Dr. M. E. Huang has shown that all-trans-retinoic acid puts acute myeloid leukemia in complete "remission."  Drs. W. K. Hong and S. Lippman have shown that high doses of 13-cis-retinoic acid have effectively "suppressed" squamous cell carcinomas of the head and neck.  The researchers noted that "second primary tumors are the chief cause of treatment failure and death in patients (with head and neck cancers). After a year of treatment of 49 patients with 13-cis-retinoic acid and 51 patients with placebos, four percent had second primary tumors in the 13-cis-retinoic acid group, as opposed to twenty-four percent in the placebo group.
Of course, there are many other studies that show the same effect. Isn't it nice to know that these metabolites are normally in the blood and they can be increased with dietary intakes of vitamin A above that needed to prevent vitamin A deficiency. Again, remember that there is a limiting rate of return as vitamin A becomes toxic at higher levels.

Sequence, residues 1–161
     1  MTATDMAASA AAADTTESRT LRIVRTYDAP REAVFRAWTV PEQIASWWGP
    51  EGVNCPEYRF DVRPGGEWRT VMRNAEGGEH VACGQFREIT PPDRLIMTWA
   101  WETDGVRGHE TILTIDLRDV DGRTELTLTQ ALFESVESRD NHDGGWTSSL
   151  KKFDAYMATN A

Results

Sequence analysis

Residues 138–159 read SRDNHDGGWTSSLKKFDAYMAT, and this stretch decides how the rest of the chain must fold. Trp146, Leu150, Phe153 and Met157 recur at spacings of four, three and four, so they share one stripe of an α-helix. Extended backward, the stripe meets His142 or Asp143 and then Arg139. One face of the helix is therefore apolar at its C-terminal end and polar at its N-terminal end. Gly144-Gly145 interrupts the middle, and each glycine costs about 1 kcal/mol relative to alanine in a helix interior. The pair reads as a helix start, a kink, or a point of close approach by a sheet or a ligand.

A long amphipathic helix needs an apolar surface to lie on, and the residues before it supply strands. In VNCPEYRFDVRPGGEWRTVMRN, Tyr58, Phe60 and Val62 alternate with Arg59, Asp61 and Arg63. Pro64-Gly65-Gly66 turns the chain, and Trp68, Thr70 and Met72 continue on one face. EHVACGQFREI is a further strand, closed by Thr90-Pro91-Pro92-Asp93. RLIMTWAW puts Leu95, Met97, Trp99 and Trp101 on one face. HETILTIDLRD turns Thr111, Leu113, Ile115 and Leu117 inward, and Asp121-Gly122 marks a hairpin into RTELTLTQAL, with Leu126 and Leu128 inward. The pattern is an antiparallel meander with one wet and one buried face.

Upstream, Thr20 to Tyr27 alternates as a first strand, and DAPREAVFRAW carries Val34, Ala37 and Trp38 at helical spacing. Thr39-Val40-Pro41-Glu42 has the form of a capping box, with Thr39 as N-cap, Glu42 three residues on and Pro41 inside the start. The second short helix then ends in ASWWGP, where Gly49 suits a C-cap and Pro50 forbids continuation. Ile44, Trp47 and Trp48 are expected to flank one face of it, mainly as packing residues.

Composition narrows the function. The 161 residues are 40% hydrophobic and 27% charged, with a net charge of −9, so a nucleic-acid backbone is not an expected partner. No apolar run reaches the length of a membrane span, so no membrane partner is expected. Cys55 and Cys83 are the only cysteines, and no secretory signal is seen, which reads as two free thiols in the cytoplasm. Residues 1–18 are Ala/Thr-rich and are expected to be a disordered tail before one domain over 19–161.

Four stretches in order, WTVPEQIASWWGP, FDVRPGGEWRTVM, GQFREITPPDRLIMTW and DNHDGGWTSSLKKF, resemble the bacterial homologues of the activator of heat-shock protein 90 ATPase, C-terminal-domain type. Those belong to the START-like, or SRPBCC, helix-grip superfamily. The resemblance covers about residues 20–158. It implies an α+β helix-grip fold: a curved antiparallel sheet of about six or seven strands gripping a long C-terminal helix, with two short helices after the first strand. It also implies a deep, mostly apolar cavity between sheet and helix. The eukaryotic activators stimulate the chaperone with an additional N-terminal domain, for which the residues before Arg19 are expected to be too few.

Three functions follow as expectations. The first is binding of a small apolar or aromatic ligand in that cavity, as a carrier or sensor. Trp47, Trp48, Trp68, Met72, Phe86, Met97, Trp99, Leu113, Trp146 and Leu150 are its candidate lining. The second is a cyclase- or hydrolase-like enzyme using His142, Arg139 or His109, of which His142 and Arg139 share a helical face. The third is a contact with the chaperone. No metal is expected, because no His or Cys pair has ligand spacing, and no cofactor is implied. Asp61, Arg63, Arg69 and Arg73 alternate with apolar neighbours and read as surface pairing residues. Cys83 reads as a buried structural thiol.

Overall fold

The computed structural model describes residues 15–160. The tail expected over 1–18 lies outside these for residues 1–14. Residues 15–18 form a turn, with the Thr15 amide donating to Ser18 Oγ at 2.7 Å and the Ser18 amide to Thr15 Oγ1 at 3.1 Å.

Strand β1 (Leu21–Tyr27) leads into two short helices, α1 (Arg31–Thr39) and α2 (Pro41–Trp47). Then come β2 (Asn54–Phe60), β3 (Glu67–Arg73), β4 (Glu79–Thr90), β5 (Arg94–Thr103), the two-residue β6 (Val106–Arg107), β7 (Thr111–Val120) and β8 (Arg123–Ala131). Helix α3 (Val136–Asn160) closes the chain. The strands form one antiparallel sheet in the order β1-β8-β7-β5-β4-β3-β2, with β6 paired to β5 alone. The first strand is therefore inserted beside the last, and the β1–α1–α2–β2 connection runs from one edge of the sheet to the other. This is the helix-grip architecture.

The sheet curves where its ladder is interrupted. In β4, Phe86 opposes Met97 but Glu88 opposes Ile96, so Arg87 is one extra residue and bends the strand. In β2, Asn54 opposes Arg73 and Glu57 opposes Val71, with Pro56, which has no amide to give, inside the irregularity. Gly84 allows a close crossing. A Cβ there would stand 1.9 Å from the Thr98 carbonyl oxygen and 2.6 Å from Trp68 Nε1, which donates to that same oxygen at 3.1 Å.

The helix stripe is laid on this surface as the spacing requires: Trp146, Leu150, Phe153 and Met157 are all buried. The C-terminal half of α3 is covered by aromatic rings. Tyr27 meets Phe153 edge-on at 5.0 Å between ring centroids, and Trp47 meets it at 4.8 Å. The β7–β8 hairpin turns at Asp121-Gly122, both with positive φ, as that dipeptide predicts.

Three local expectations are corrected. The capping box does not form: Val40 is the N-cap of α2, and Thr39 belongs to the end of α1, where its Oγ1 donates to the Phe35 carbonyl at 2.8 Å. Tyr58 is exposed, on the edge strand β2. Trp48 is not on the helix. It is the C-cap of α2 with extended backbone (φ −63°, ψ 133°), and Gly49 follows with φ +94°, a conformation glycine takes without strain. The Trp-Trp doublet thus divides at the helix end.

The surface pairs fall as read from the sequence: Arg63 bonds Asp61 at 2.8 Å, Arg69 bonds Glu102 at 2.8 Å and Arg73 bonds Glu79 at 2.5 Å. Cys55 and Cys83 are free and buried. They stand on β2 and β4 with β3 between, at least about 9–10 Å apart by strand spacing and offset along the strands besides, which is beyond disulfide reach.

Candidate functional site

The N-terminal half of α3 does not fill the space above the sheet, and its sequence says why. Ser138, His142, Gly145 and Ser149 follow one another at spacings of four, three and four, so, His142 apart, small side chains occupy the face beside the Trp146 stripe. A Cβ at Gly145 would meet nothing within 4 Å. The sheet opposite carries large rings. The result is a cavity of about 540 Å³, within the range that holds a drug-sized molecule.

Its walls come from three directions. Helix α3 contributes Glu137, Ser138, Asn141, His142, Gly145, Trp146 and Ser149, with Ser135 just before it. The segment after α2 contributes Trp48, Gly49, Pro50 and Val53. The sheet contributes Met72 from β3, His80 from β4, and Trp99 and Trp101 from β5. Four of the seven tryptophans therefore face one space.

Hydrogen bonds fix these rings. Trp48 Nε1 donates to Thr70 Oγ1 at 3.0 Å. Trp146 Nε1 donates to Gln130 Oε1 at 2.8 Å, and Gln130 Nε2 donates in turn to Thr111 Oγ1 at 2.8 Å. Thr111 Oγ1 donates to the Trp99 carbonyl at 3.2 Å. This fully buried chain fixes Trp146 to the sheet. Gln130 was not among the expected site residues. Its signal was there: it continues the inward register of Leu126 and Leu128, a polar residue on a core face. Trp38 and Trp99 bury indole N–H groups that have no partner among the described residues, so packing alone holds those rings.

In a study by Dr. Huang, after consuming vitamin A in the form used commonly in supplements, retinyl palmitate, the blood level of retinol remained relatively unchanged, whereas the level of retinyl palmitate increased forty times. While the level of retinyl palmitate was elevated, the body converted significant quantities to all-trans-retinoic acid and 13-cis-retinoic acid. These metabolites persisted for significant periods of time, whereas the retinyl palmitate eventually was cleared from the blood after six hours.
So now we understand a little bit more about how vitamin A protects us against cancer. There is other research showing that metabolites of vitamin C protects against cancer, and I have earlier found that metabolites of vitamin E - including the tocotrienols - are protective.  The neat thing about empirical research is that sometimes we find out that things work many years before theoretical or more sophisticated empirical research elucidates how or why it works.
1. Cancer: New Directions Passwater, Richard A. Amer. Lab., 5(6):10-22 (June 1973)